Make the dough.
I like the recipe linked above because it doesn’t make a huge batch, just one cookie sheet worth at a time, and it’s easy to mix up (it says to use a stand mixer, but you can absolutely do it by hand if you don’t have one). I baked two batches to make sure I had enough pieces (but had some left over).
Roll the dough out onto a sheet of parchment paper the size of your baking sheet, then lay out your template pieces, lining them up next to each other as much as possible. Carefully cut around them with a paring knife or pizza cutter, but don’t pull them apart! Keeping all the dough intact will make sure the edges stay straight as they bake.
You can also use a cookie cutter to cut out shapes (I cut some circles), and I do recommend pulling these out of the larger shape before baking, because they were very difficult to remove afterwards.
Bake until brown. See how it all merged back together? While your cookie is still hot, very carefully re-cut the lines with your knife or pizza wheel. It will be soft when it comes out of the oven but will start to harden quickly! Let them cool completely, then it’s time to decorate!
Make the icing.
Either fill a piping bag or plastic baggie with icing (you can use a small round tip if you have it or just snip a hole in the corner), or find a butter knife or spatula to apply it with. If you’re leaving it in a bowl and not using it right away, be sure to cover it up because it will start to dry quickly!
If you want any surface decoration or colors applied to entire pieces, it is best to do this before assembling your structure. The color of the plain gingerbread reminds me of rusty metal, which I like, but I wanted to add some solid white pieces for contrast, and so that the white icing we’ll be using as glue doesn’t look so out of place! Take a little of your thicker icing and thin it with a bit of water to fill in your shapes. Use the thicker icing to pipe around the edges and the thinner to fill it in. I covered one of my circles with sprinkles while the icing was still wet! This will need to dry at least overnight, so plan ahead.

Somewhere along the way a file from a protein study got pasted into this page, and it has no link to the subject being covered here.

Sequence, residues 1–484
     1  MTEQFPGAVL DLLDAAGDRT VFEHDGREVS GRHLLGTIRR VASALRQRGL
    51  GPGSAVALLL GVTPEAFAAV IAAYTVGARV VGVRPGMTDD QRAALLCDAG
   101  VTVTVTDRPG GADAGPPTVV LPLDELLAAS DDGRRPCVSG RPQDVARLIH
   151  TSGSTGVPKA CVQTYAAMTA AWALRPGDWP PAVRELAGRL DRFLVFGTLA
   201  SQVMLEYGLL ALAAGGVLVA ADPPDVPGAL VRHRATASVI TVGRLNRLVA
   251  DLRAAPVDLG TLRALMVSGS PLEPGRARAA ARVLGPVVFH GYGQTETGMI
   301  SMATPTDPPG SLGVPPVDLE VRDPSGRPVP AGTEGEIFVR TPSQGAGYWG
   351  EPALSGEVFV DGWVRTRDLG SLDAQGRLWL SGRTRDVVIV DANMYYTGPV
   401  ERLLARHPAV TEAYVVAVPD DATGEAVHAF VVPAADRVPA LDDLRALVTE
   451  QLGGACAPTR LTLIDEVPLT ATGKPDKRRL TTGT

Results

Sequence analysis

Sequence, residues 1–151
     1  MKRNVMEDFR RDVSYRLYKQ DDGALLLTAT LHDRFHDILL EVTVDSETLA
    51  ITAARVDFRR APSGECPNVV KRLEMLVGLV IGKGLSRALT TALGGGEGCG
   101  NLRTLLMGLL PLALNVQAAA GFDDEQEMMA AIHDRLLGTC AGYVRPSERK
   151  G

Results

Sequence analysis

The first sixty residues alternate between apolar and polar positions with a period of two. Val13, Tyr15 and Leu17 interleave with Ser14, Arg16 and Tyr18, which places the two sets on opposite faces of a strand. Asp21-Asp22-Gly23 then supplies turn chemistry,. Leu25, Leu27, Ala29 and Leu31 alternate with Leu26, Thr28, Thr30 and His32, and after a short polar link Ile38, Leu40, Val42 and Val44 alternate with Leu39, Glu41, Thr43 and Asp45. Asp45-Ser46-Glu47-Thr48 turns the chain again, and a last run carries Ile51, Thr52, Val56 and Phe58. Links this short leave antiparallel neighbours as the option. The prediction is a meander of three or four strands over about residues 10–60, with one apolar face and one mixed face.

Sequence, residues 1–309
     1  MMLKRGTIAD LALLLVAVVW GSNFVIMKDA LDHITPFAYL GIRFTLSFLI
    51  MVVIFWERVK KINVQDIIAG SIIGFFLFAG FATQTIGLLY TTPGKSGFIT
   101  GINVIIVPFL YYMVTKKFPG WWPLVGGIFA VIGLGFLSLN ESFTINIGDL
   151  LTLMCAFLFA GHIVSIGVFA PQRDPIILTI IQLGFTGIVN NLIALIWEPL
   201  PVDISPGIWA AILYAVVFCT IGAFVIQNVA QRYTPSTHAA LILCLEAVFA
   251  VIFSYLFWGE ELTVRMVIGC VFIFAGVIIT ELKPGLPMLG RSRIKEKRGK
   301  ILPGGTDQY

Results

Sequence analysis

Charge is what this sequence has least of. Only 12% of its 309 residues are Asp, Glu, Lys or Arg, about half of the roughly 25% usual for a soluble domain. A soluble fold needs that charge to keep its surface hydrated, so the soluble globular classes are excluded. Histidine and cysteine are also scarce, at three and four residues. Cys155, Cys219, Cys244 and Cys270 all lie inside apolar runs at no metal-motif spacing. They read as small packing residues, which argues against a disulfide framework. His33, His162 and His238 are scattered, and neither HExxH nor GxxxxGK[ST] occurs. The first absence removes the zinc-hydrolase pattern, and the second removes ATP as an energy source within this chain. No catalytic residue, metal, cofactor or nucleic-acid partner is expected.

Assemble your sculpture!
First, we need to find or make a base. I’m using a cutting board covered with foil, but a sheet of cardboard, a tray, or a cookie sheet would work too.
Start to test the placement of your components. I held some up together until I found a few groupings I liked, then chose one to start with. Apply icing to the bottom edge of all of the pieces, then along one side of each seam and “glue” them together. An extra set of hands is helpful here! If you need to trim any pieces, use a serrated knife in a gentle sawing motion.
As you add to your sculpture, turn or move to a different side of the base often so you can be sure that it is interesting from all angles. Pay attention to the negative space (the space around and within the sculpture itself). Imagine yourself walking around the full-size version of your sculpture and think about the scale.
Once the structure itself is built, it’s time to add details and decoration! This will make it more believable as a large sculpture. I piped on some icicles to the top edges, and used the icing to stick on some coconut and sparkly sugar to mimic snow. Then, I piled some more coconut on the base. What else could you add? Maybe a small action figure for scale, or some clippings from a plant to become trees! It really doesn’t take very many details to bring your sculpture to life, but you can add as many as you like.